The album’s center point is “Futures,” the only direct expression of anger on Auto. Lost post-Birthing Hips, Eisenberg explores their desire for self-fulfillment when stuck in repetitive cycles. The song breaks into a full discordant metal attack over the lines “Another weekend, oh / another contract, oh / another basement show / I didn’t notice that I didn’t notice… that my enemies are finally real.” When stuck in repetition and habit, rage is often the most honest emotional response, an acknowledgement Eisenberg builds into the flesh of the song.

Now living alone, they see liberation from guilt as a double-edged reward: “it’s also maybe a sign I’m not really existing in the world as much as I once did.” On closer “Hurt People,” Eisenberg attempts a few steps towards acceptance and equanimity. “When I win I win a lot / And when I lose I lose alone / But now I don’t hurt people quite as much,” they sing. Auto encapsulates the fullness of its creator’s experience. In all of its intention and precision, we emerge on the other side with a very tactile feeling of loss and understanding.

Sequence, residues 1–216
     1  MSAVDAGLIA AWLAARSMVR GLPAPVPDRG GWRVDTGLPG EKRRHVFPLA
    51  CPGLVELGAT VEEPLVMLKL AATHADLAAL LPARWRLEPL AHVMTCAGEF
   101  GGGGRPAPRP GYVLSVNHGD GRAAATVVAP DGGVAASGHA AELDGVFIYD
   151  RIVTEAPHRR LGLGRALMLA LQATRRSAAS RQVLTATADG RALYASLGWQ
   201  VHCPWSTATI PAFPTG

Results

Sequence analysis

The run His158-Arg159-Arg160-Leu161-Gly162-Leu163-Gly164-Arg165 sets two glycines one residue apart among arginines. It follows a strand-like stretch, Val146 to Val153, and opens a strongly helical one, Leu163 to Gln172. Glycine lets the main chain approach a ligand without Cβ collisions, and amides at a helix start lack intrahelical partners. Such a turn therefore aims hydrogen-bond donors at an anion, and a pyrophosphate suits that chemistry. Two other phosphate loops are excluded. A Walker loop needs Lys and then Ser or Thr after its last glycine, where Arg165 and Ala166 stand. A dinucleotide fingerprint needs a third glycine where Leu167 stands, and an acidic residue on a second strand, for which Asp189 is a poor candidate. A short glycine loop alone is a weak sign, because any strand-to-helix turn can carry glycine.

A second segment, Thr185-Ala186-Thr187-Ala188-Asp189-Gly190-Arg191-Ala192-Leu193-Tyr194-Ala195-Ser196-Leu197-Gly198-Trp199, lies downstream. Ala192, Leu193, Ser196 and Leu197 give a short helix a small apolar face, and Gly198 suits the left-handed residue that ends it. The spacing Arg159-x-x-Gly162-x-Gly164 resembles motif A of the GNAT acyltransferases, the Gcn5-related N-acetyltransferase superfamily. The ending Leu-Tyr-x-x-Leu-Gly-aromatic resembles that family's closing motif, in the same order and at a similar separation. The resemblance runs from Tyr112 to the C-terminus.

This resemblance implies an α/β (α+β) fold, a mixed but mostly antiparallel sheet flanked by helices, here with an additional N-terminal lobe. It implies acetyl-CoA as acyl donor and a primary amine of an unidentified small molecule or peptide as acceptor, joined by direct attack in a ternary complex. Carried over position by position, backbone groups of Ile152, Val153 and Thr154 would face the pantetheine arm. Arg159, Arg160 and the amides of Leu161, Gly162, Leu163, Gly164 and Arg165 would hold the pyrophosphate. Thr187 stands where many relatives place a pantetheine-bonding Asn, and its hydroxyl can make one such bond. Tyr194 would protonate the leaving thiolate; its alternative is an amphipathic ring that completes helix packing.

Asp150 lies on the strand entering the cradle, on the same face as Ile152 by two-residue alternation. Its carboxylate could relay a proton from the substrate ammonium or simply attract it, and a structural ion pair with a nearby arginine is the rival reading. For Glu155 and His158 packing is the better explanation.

Laura Jane Grace "Stay Alive (Polyvinyl)"

Like all of us, Laura Jane Grace was spending the pandemic figuring out what in the world she was supposed to be doing with her time. She had an entire album’s worth of Against Me! song just waiting to be recorded – but that sure didn’t seem like it was going to be able to happen anytime soon. So she decided instead to record the album solo, as she had been playing them at home, at Steve Albini’s s Chicago studio. The result is an intimate sound – but no less powerful and emotional and raw and sad and angry and scared and joyful and… you know – we’ve all had a lot of emotions lately. But don’t think this means this an album of acoustic demos (yeah right, like Albini was gonna let that fly.) Stay Alive(Polyvinyl) has drum machines, electric guitars– everything you’d expect to find on a rock album–there’s just less of them. They feel like the best home recordings imaginable. Take, for instance, the full sound of “SuperNatural Possession.”